by Ethan Gathman
With the summer box office currently lower than it’s been in many years, it’s not surprising that almost every movie released in the past several months has been almost completely forgotten about. However, one film has been dominating the box office despite the evidence against it. The film, “It,” is based off the classic Stephen King novel of the same name. Coming out on top for three weekends in a row, “It” has not only broken the box office slump, but has also broken new records as well, with it being the best September opening weekend end ever.
With all of this in mind, I had my hopes up when I walked into the theater to see it. But as the movie ended and the credits started rolling, I was more underwhelmed than pumped up. How could have something like that happen? With all the hype and the praise why did it end up so … mediocre?
For my first and most disappointing reason was the lack of genuine scares. The movie, by all means, isn’t a psychological thriller so it relied heavily visual scares, and even then, mostly jump scares. And while I’m not a huge fan of jump scares, I at least appreciate them if they’re done well. The jump scares in “It” were not done well. Instead of actually thinking of ways to scare the viewer to get a reaction, the movie just used obnoxiously loud pitched music to substitute for the lack of scare. The music only made me irritated rather than actually frightened. On several occasions I even had to cover my ears. If the movie’s intention was to make me shuffle uncomfortably in my seat then it did a fantastic job.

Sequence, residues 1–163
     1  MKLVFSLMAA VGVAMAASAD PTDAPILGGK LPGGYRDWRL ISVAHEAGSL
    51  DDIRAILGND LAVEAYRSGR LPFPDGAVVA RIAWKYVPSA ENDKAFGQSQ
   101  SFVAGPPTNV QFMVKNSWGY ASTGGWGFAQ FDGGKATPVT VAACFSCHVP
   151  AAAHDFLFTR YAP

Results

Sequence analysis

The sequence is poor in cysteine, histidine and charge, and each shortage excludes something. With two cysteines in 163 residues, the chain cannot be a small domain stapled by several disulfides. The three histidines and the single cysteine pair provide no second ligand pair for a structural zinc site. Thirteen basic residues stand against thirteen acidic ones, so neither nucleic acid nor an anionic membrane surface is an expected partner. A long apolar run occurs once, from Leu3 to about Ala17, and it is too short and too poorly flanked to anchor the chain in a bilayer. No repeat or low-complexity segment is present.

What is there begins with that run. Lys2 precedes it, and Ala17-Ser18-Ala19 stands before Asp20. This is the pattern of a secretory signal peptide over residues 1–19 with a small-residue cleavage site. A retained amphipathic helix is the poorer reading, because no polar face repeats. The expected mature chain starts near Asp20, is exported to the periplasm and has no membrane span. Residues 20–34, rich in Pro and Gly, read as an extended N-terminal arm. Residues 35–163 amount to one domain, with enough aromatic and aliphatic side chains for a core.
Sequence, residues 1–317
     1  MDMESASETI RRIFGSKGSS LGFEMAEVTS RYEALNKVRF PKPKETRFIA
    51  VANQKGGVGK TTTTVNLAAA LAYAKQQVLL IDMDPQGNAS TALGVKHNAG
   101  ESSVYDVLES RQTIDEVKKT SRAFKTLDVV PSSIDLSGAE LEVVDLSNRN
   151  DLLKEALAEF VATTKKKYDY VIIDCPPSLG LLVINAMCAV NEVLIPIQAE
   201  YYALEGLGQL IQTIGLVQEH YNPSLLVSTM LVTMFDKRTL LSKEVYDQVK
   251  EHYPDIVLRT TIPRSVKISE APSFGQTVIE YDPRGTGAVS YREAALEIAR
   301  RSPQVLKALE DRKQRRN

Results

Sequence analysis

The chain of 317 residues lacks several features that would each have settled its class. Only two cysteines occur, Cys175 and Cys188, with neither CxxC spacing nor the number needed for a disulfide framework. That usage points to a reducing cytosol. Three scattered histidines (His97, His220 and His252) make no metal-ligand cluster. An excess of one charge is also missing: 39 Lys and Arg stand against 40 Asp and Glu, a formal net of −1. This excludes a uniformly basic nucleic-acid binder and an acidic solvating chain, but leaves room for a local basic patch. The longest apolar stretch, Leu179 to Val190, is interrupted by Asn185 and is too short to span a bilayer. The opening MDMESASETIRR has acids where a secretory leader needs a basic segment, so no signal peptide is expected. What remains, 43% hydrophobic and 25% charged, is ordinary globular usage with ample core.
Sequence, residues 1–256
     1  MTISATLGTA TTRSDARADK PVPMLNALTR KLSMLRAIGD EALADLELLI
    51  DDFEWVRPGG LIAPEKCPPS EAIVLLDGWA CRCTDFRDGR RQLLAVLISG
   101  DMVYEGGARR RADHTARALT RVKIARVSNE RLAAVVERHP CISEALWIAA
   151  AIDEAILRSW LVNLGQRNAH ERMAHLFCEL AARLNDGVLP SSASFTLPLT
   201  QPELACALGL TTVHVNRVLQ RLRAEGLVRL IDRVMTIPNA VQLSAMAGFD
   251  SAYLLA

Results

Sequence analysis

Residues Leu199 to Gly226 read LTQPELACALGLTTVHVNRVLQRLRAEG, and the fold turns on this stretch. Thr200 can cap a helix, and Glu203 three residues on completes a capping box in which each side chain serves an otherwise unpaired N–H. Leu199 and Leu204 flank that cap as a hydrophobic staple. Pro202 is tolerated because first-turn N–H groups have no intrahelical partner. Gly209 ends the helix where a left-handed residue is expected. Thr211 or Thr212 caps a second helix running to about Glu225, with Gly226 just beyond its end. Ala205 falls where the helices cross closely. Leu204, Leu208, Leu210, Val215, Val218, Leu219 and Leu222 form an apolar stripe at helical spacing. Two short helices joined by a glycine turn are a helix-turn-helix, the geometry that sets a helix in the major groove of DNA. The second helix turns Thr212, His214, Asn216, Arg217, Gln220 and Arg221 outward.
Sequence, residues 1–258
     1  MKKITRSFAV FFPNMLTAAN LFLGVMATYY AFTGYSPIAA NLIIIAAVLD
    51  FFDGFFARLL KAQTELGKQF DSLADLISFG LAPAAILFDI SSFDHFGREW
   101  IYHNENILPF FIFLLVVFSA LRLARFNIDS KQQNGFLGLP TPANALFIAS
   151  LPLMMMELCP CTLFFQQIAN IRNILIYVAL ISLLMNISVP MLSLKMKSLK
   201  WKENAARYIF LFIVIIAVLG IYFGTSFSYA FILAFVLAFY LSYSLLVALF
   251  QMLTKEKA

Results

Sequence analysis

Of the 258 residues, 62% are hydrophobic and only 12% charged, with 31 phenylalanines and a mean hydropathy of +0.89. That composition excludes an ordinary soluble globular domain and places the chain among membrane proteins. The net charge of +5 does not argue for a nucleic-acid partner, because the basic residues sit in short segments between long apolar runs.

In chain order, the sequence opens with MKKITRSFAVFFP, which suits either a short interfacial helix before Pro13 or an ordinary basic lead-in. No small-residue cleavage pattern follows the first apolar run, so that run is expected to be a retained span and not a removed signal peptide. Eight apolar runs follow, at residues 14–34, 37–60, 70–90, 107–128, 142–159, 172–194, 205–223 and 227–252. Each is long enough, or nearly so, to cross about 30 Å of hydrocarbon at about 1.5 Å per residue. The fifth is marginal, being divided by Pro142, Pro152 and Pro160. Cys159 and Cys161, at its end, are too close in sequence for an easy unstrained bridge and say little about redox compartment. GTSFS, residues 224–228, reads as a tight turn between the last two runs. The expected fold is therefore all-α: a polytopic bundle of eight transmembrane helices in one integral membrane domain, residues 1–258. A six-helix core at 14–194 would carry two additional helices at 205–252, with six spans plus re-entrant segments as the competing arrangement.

As well as that, when the movie would actually be creepy, they kept on ruining the mood by shoehorning in weird, out of place jokes. This is a pattern that I’ve noticed a lot with recently released movies. They either have to have joke in every single scene or not have any jokes in the entire movie at all. Why can’t there be a middle ground? I recall one moment in “It” when the kids were navigating through Pennywise’s lair and the atmosphere was intense and kept me on my toes. Then suddenly, out of nowhere, one of the kids made a joke and the whole theater ended up laughing. I felt betrayed, as the scene had done such a great job building up the suspense and all it took was that single line of dialogue to undo all of its work.
Another issue I found with the film was its shoddy pacing. I appreciate that the film put in the time to individually introduce each character to Pennywise, but when each scene is exactly like the others, beat by beat, it becomes more of a time kill than plot development. Every scene essentially went like this: One of the kids would be alone, something unusual would happen (like a door opening on its own), the kid would dumbly investigate it, they would see something scary which would turn out to be Pennywise, he’d chase them around for a little bit, they’d get away, and the next day it’d be like it never happened.
The lack of suspense and consequence in the movie made “It,” for the most part, bland. All and all, I wouldn’t quite describe “It” as a horror movie. Instead, I would call it more of a comedy.